Gear offers a final layer of customization; each character has 10 slots for equipment and two slots for consumables, however it has minimum attributes needed for equipping. Each piece applies a mixture of bonuses, with some providing an extra card that is added to your deck. The items feature several different levels with potency generally associated with the overall rarity. However, some items, specifically those that apply extra action points, can be powerful despite their rarity – which helps even with a character that is specializing in a specific card. For example, if the mage character is specialized into the Magic Missile card, then getting equipment that provides additional Magic Missiles is valuable. This is especially true for the highest tier of equipment, some of which provides big buffs to one specific card, where if you get the right card you can really elevate the power of your build. Equipment also has slots which lets you equip special runes that can modify the gear overall, or sometimes just the card that is attached to it. Equipment is also the only way that you can get access to skills outside of your normal class set, and with synergistic cards this can really transform and elevate your potential builds.
Battles are a turn based affair, with three, or sometimes four, characters on your side of the field with a variable number on the other side. Player characters get three or more action points per turn, which can be used on a combination of cards from their deck and movement (which costs one action point per node). Enemy characters get one or two actions per turn based on their tier, which is telegraphed on the enemy’s icon and a single seemingly random movement at the very end of the turn.
Battles come in four varieties: Normal battles, dangerous battles, horde battles, and boss battles. Normal battles are the baseline, dangerous battles feature tougher enemies, horde battles feature multiple waves of weaker enemies, and boss battles feature a single extremely dangerous boss and some number of other enemies. Characters have an initiative stat which influences initial turn order, but doesn’t generally change between turns outside of specific bonuses.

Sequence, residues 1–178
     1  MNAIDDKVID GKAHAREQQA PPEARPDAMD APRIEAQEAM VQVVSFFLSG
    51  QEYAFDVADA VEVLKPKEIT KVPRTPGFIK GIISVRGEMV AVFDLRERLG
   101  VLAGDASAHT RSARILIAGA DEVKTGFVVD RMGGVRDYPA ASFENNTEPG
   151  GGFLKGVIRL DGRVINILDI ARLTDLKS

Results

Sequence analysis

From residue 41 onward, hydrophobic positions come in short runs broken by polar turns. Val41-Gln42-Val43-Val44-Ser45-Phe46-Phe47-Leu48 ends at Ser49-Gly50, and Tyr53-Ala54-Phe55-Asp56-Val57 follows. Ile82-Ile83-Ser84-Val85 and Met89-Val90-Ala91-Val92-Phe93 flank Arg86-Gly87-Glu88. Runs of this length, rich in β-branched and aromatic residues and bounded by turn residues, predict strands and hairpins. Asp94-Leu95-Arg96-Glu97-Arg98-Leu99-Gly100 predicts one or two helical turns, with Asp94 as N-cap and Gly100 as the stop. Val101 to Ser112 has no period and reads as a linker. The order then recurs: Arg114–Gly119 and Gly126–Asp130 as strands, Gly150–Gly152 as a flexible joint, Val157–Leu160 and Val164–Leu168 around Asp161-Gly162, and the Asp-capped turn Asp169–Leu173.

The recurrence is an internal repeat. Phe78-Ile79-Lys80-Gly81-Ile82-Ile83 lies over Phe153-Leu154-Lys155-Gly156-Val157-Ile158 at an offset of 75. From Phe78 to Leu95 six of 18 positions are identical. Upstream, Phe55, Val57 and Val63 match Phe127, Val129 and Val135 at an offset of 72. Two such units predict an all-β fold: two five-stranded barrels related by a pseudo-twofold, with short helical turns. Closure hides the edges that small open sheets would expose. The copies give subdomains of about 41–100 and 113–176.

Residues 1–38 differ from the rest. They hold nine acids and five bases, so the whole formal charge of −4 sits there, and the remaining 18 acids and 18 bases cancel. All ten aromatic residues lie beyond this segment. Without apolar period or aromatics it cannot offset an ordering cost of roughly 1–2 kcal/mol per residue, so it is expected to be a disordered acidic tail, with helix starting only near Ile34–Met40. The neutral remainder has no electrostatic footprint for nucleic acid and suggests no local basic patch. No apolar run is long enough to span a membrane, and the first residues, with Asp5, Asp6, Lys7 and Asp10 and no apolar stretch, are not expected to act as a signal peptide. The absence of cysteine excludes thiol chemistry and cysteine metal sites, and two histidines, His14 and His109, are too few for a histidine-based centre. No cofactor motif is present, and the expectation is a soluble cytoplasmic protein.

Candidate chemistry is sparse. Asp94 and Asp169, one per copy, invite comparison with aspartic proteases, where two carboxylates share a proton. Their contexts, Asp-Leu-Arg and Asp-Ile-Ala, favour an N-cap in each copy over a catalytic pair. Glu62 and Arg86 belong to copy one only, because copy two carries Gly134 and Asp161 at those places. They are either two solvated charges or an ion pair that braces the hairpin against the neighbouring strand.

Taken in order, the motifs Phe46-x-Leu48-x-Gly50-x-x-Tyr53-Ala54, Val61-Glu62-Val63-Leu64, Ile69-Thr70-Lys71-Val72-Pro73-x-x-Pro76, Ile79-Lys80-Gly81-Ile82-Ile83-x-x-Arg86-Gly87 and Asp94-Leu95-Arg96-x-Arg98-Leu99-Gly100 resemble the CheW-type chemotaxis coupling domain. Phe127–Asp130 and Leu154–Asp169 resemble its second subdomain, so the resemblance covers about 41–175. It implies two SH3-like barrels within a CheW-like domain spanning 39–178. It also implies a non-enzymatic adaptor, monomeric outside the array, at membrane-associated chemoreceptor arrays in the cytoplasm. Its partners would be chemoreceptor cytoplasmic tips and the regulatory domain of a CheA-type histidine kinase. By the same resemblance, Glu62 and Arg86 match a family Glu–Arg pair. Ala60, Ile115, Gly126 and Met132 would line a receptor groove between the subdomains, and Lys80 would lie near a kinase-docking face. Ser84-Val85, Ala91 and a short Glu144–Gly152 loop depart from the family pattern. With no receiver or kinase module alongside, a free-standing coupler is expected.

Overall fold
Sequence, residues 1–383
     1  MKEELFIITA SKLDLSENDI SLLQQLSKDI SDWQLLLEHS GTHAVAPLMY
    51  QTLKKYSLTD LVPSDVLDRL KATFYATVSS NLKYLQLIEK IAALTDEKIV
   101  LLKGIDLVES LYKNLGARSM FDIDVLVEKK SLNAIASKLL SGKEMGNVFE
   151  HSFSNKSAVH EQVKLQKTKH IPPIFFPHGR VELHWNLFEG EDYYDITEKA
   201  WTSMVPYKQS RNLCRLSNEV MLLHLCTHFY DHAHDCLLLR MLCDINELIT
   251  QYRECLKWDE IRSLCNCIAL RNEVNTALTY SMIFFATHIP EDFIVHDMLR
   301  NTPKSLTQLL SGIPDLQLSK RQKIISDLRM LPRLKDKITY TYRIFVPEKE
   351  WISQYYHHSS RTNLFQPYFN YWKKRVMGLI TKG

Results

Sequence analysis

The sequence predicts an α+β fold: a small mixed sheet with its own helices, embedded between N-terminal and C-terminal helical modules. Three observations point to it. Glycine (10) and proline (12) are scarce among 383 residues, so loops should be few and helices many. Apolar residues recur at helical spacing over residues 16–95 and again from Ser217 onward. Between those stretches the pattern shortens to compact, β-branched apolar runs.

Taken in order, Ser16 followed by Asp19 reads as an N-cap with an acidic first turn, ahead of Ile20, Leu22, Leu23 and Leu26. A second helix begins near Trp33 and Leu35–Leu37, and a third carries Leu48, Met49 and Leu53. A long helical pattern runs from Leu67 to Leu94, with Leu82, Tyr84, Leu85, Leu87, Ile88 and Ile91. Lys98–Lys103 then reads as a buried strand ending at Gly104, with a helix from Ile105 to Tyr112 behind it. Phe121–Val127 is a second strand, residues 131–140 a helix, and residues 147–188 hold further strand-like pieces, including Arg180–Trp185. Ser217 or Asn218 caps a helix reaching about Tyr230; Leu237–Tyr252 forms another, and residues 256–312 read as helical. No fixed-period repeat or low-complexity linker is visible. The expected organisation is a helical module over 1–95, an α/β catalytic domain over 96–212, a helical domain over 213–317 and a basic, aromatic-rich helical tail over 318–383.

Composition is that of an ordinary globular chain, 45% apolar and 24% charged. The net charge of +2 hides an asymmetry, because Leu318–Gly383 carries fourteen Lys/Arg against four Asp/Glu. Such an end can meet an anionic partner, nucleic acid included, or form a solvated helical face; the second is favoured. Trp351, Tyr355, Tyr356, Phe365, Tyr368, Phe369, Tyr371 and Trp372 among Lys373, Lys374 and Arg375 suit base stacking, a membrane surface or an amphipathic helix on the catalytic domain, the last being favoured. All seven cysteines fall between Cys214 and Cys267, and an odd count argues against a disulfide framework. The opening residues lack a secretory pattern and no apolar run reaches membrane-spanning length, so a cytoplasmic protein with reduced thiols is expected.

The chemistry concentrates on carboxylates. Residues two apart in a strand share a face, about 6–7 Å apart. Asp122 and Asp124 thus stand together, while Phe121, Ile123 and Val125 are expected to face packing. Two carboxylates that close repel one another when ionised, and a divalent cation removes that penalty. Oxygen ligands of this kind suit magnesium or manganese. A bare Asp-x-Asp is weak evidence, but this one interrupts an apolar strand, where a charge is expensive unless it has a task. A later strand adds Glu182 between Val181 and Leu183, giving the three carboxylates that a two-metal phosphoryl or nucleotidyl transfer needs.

Generally battlefields have three different rows, though there are some exceptions in specific encounters. Terrain tends to be frequent and impactful, with traps, elemental zones, oases, and blocking terrain that needs to be removed before melee attack can be used past them. Characters also feature a variety of types of attack with different areas of effect and range. In combination, this creates a varied tactical environment that shifts from battle to battle and forces you to take advantage of powers in fun and different ways.
Reasons to Get It Now
Gordian Quest is enjoyable and deep in its current state. I currently have 45 hours played in the past couple of weeks, and this is with me switching to other games to avoid burnout. The campaign is incomplete but is pretty fun, and the realm mode provides a ton of replayability. With four different versions of three different characters possible, the sheer amount of different combinations to try out is pretty huge, and this is even before you take into account the variation in encountered gear and enemies.
Reasons to Wait or Skip
The game is incomplete. There are still two more planned chapters, anywhere between one and seven more characters, and a lot of potential enemies that could potentially be included in the final version of the game. If you are unlikely to replay the game endlessly and want to be able to get as complete of an experience as possible then it is probably better to hold off. Also with the game being over a year (the originally planned length of Early Access) into Early Access the game still feels like it is pretty far from the finish line. The quality of the content justifies some of the delays, but it does not feel like a game that is going to be finished in 2021.
As someone who is pretty burnt out on deck-builder’s, Gordian Quest was a very pleasant surprise. The developers have done a great job translating RPG advancement into a deck-building style game and while the game is not complete what is in place is worth playing and exploring. I can definitely recommend it if you are fine with getting an Early Access game.